"American Gothic" is an iconic painting. It's so iconic that I won't bother wasting precious, hand-crafted, organic pixels reproducing it here.
Its creator, Grant Wood (1891-1942 -- he died the day before his 51st birthday), painted other familiar works that got him pigeon-holed as an American Regionalist (or some similar label). His Wikipedia entry sketches his career but is woefully short on images: for those, use Google or Bing.
The stereotypical Grant Wood painting, be it portrait or landscape, has a solid look to it. There also is simplification and stylization; these are exhibited to a much greater degree in his landscapes than in his other work (murals excepted).
Wood's classical style didn't emerge until after a 1928 visit to Munich. Prior to that, he was mostly influenced by French Impressionism. He visited Europe four times in the 1920s when he was already in his thirties. I suppose he might have visited there sooner, but for the inconvenience of the Great War. I couldn't locate any pre-1920 paintings on the Internet nor in two books dealing with Wood, so the "early" works shown below represent what he was painting before his style changed drastically in his late thirties.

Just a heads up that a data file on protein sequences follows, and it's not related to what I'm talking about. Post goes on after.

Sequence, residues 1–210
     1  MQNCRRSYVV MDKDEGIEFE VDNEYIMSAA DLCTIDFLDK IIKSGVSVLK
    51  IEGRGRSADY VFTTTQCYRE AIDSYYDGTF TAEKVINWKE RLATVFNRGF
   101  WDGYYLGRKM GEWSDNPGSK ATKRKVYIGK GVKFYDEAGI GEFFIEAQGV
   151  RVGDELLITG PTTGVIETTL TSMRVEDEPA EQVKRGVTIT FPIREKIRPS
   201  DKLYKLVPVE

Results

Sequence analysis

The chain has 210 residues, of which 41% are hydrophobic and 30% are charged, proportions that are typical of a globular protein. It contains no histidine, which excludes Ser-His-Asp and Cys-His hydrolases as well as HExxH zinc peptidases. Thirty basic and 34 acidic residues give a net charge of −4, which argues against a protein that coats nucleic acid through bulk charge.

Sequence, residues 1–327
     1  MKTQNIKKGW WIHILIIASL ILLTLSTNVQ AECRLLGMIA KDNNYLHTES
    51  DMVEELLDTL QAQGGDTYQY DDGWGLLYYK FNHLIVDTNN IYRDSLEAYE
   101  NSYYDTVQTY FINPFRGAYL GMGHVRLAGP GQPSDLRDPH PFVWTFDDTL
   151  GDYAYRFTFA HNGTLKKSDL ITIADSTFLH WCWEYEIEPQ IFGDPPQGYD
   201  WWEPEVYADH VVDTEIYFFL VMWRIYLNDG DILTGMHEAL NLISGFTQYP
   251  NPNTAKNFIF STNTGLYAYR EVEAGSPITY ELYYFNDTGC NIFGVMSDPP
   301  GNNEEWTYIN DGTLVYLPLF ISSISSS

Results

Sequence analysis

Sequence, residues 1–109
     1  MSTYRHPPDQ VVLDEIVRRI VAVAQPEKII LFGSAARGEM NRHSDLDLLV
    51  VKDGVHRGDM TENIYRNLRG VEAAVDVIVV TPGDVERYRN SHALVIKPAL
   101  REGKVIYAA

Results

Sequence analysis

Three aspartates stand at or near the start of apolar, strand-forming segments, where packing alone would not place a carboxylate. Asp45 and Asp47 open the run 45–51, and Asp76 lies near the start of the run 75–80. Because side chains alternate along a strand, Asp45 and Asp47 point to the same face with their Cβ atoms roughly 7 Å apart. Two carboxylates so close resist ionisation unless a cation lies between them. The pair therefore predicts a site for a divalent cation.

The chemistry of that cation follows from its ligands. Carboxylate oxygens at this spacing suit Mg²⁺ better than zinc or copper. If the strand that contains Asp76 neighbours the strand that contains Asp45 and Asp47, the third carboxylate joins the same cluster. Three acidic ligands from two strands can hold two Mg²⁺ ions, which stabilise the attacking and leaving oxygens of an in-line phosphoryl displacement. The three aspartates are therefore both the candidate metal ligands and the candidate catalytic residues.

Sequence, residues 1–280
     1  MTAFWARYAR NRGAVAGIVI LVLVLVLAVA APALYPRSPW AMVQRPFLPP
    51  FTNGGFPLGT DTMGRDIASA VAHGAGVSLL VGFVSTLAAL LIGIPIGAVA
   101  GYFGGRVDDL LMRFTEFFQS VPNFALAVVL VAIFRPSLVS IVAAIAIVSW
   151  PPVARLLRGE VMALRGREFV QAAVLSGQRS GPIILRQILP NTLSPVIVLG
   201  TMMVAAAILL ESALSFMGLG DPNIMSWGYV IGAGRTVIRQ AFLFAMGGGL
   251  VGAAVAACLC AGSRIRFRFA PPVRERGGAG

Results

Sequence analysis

These two paintings are typical of his urban scenes. He also painted landscapes using a similar dabby style. I could find no examples of portrait-type paintings done during this period, though he surely must have been doing some studies and experiments in those days because his 1930s faces and figures are skillfully made.
This retains some of his sketchy 1920s practice. But he was painting solid, crafted images by 1930, so perhaps this originally was simply a sketch or color study and not a finished work even though he signed it.
I include this as an example of Wood's mature landscape painting.
And here is one of his portraits. The joke is that one of the lady's buttons is not completely fastened.
This was painted the year before Wood died of cancer. It is a partial reversion to his 1920s style.